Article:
Where can it fit on the course? Operation Pollinator is designed to provide an enhanced wildlife habitat and playing environment through added interest for players and an appealing visual aspect. In most instances, the areas selected will be out of play. However, the creation of a more open turf sward does mean that whilst wayward shots will be penalised, golfers will be able to find their ball more easily and continue playing. Areas of the golf course identified as having potential for Operation Pollinator habitat include: • Deep rough • Tee surrounds • Immediate carry area off tees • Around lakes and water features The same techniques used by Operation Pollinator to thin rough and encourage lighter, wispy Fescue grasses and wildflowers can be equally applied to in-play rough – improving the playing experience and providing environmental benefits with no detriment to golfers or the game.

Ecologist acclaim Rough is an extremely important area of the golf course for wildlife, according to STRI Ecological Consultant, Dr Kelly Harmar. “However, not all rough is of equal biodiversity value,” she reports. “Thick rough on nutrient rich soils tends to be dominated by coarse grass species and supports a lower proportion of wildflowers; this lack of botanical variation also limits the diversity of wildlife that the grassland can support.” She believes that the Operation Pollinator management regime, including removal of coarse and aggressive grasses with innovative techniques, can be usefully employed to create a mixed sward containing finer Fescue grass species and opening up the light to enable a greater diversity of wildflowers to flourish. “The techniques clearly have the potential to improve biodiversity in rough grassland and to raise the whole environmental potential of golf courses.”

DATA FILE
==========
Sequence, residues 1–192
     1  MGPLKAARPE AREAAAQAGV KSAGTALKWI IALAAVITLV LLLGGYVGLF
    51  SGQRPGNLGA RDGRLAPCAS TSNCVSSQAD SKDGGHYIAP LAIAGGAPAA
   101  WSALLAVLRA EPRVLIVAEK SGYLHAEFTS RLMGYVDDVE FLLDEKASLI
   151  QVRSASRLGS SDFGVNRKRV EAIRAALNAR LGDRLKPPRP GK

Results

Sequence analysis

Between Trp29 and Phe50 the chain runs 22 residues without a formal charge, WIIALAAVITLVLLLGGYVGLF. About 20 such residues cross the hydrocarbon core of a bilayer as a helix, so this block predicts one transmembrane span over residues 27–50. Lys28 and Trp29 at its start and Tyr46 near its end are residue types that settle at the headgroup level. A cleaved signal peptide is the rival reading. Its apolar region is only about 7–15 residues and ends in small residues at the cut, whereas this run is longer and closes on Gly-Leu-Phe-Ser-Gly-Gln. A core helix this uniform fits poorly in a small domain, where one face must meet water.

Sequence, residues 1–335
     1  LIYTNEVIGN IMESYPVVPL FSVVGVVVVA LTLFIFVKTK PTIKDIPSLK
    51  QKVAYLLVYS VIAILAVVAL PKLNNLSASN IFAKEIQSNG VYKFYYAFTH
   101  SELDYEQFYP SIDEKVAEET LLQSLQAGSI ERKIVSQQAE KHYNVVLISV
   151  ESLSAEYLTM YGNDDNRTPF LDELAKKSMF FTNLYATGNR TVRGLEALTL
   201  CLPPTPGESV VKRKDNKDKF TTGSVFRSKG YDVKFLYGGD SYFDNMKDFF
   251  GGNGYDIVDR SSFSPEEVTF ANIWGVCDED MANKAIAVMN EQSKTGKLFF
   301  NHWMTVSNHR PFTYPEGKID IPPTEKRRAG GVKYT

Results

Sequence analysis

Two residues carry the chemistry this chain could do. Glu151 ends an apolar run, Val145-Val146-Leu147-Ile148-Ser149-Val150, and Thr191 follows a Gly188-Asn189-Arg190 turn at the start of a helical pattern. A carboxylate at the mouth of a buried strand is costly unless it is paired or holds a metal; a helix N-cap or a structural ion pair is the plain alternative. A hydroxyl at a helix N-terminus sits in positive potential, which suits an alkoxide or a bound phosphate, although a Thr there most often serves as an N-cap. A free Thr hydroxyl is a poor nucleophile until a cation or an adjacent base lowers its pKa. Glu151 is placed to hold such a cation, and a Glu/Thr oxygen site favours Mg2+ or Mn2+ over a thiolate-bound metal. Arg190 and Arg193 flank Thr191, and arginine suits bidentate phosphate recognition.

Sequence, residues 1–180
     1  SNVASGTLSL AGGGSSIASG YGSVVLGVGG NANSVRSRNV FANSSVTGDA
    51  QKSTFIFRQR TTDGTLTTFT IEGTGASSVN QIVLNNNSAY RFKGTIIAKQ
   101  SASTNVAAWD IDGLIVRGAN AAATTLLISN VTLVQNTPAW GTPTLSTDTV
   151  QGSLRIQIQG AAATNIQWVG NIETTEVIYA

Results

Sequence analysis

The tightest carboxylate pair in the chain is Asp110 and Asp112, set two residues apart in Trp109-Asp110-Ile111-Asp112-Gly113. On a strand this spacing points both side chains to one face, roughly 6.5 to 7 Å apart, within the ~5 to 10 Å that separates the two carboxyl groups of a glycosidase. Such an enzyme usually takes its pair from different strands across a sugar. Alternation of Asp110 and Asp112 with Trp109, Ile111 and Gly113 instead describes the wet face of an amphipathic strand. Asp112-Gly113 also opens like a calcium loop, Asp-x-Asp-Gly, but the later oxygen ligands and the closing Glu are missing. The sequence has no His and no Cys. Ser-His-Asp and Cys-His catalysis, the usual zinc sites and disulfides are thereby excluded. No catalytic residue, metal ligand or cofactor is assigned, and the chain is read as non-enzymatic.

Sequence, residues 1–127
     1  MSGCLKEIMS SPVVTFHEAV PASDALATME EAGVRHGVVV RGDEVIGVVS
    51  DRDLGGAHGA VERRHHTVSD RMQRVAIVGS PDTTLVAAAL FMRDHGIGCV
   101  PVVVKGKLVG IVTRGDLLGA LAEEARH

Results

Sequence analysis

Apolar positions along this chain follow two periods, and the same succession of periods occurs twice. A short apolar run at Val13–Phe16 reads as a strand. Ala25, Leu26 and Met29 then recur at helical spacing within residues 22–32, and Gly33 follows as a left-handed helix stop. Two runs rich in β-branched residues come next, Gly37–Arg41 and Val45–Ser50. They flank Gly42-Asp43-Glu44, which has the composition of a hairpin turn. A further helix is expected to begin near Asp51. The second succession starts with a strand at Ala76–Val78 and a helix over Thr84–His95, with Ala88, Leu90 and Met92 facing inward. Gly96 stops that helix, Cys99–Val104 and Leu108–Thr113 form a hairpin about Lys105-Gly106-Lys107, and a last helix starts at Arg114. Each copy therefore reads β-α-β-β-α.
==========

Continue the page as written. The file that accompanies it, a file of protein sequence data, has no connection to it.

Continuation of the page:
How does Operation Pollinator work?

Trials by the Sports Turf Research Institute (STRI) have designed an Syngenta Operation Pollinator habitat management programme specifically for golf courses and amenity areas, to successfully thin out rough areas and establish native wildflowers. Operation Pollinator will provide practical training for greenkeepers and club managers to establish new habitat areas covering: • Site selection • Evaluating options and objectives • Seed choice and sourcing • Establishment techniques • Management options • Integrating with existing environmental features

Independent advice on implementing Operation Pollinator on the course is available from STRI ecologists and agronomists. Support material to help clubs and greenkeepers to get the most from Operation Pollinator includes: • Training • Literature • Telephone help line • On-line support • Downloadable presentations • Press release templates • Meetings


How do we get involved? For more information on Operation Pollinator and how to get involved visit the website www.operationpollinator.com Club managers and greenkeepers interested in attending training courses and creating Operation Pollinator habitat can visit www.operationpollinator.com or contact their Scotts Professional advisor or Bob Taylor, STRI at info@stri.co.uk for more details.

Syngenta Crop Protection UK Ltd. Registered in England No. 849037. CPC4, Capital Park, Fulbourn, Cambridge CB21 5XE Email: customer.services@syngenta.com Web: www.greencast.co.uk / www.greencast.ie Š Syngenta AG January 2010. GQ 01426.

www.greencast.co.uk www.greencast.ie wwww.operationpollinator.com